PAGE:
Massimo Traffano and the Brahms-Harp Guitar

As I mentioned in the final chapter of our Genoa trip, in June, 2017 I met a Genovese classical guitarist who had come to the attention of my colleague Franco Ghisalberti after inventing a new harp guitar variant. Franco was confused by the instrument, and after I met Massimo Traffano at the reception following the concert of Fabrizio Giudice and discussed it briefly, I was similarly confused by its description!  I was therefore eager to wrangle a meeting during my trip, and Massimo volunteered to bring it by our hotel at my convenience.

Having no idea what to expect, I was delighted to discover an interesting, well-thought-out (and well-built) new invention: The “Brahms-Harp Guitar.”

To understand the “B-HG”, one first needs to be familiar with the “Brahms guitar” of Scottish guitarist Paul Galbraith.  Fortunately, I was.  Frank Doucette turned me on to him many years ago and took me to one of his rare Los Angeles concerts – complete with his giant resonator box.  (By the way, if you ever get a chance to see Paul, do.  His upright, cello-position technique is fascinating to watch and adds a new chapter to virtuoso guitar playing.)  Galbraith’s guitar is an 8-string, with an additional high A on top and low A on the bottom.  The story goes that he chose that configuration to be able to play a particular piece by Brahms and it became forever known as the “Brahms guitar.”

 

 

 

Being a fan of Galbraith and similarly desirous of playing piano music on the classical guitar, Massimo then combined the Galbraith concept with a hollow arm harp guitar, inspired by Taraffo’s instrument and legacy (as is every guitarist in Genoa by now, thanks to Franco’s tireless efforts).

(Taraffo at left, Galbraith at right)

In April 2014 he commissioned classical guitar luthier Ennio Giovanetti to build it and it was completed that October.  Ennio lives and builds in a small village within Gropparello, about 80 miles northwest of Bologna.

This is what Massimo Traffano surprised me with that morning, greeting us at our hotel with his charming wife Alice Careddu – the couple immediately spoiling us with their excellent English.  We spent a good hour together as Massimo shared the story of his clever invention.  And yes, we’ll get to that second set of frets…

Wanting to add more flexibility to the 8-string Brahms guitar, he came up with the idea of leaving the neck configuration the same, while adding additional floating basses.  As he could explore new options with open strings, he made one deviation from Galbraith’s neck tuning by having the eighth fretted string tuned to B instead of A.  The final result yielded four additional strings and one additional note, a low G.

Here it gets slightly complicated: Massimo still wanted to play the fretted Brahms guitar neck as normal, so fully utilizes the frets on his low B string.  The adjacent first two sub-basses are then re-entrant – D, then C, used only as “emergency backup” strings if the fingering on the B string becomes too difficult.  The final two sub-basses – A and G – then descend from the neck’s B.  Of course, since the lowest neck string can always be used as an open string, in effect, Massimo has the exact same five open notes as our common Knutsen and Dyer American harp guitars (GABCD) – just in different order!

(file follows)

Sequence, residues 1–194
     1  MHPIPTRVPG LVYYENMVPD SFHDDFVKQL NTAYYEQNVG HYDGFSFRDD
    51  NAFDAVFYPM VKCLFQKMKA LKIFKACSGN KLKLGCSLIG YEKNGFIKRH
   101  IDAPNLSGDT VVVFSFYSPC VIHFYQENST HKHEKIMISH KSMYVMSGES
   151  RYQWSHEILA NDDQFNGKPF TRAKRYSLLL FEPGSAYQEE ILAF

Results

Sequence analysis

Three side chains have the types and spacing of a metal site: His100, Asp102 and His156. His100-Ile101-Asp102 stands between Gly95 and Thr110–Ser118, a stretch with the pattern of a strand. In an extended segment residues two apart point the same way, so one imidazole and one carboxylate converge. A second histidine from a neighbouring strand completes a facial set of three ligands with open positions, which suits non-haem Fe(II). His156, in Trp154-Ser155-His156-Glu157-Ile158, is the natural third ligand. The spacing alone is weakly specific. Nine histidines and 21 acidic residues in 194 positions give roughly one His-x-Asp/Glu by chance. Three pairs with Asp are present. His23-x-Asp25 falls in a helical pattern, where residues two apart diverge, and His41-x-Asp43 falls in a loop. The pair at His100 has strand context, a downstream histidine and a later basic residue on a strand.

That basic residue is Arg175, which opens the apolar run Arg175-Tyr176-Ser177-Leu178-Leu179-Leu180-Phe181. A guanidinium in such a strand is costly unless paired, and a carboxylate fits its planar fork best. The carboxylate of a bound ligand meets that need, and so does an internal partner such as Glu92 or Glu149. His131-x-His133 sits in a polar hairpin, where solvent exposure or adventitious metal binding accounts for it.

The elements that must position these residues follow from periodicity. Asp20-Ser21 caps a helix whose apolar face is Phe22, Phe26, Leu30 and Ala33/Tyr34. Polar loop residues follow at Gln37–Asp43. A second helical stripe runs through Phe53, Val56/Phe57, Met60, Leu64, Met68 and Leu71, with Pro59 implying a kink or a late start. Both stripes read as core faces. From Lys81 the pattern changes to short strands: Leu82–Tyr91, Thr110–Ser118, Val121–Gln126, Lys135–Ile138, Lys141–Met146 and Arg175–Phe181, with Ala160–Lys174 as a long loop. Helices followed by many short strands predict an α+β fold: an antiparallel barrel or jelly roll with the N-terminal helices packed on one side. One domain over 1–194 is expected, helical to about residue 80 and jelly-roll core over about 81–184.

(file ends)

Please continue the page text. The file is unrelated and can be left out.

This non-linear tuning, along with the fact that the neck’s standard six strings are buried in the middle of an eight-string neck, made it extremely difficult for me to quickly wrap my head around it; after briefly floundering around on it like a toddler, I quickly handed it back!

Due to its tuning requirements, the Brahms guitar naturally benefits from fan fretting, as the high A string can have a shorter string length without shortening the entire scale.  The scale on Massimo’s 8-string neck from the first string to the eighth is thus 610mm to 655mm (24”–25.8”).  For reasons unknown, Ennio wanted the first sub-bass at 650mm, with the rest slightly longer.  The instrument does have a very balanced sound from top to bottom.

OK, those frets.  As I – and probably you – immediately guessed, the hollow arm neck has frets for the purpose of affixing a capotasto.  Massimo asked for that in order to be able to capo both necks together up 1 to 3 steps for transposing pieces – mainly to accommodate the vocal range of his professional soprano wife Alica when they perform together as Il Duo Cavatina.

Since our meeting, Massimo completed his first CD of the instrument which I recently received (I’ve a few extra copies available – please email me asap if interested).  Naturally, it’s filled with piano music transcribed for his instrument’s extended range.  I immediately recognized two of the opening pieces – Felix Mendelssohn – we’ve heard Pete Bradshaw play them on his steel-string harp guitar at the last couple Harp Guitar Gatherings.  Interesting that Massimo chose them also for his nylon-string version.

A selection of Massimo’s transcriptions of piano music for his instrument.

You can also see a couple of video clips and other news on Massimo’s Facebook page.

I was thrilled to find such harp guitar dedication and modern creativity in Pasquale Taraffo’s home town, and hope to see it continue!

  1. Christopher John Bucklen Says:

    I truly love the concept of partially fretted harp Strings! Blurs the whole idea of “harp” Guitar. But perhaps that’s to obvious, as I tend to be 😉 !

  2. Stephen Silva Says:

    Thanks for sharing this Gregg. I love the tech advance of the instrument.

  3. Thomas Nielsen Says:

    While the idea of having fretted sub basses may be (or perhaps not :-)) straight forward, the implementation is certainly clever. What a marvelous instrument!

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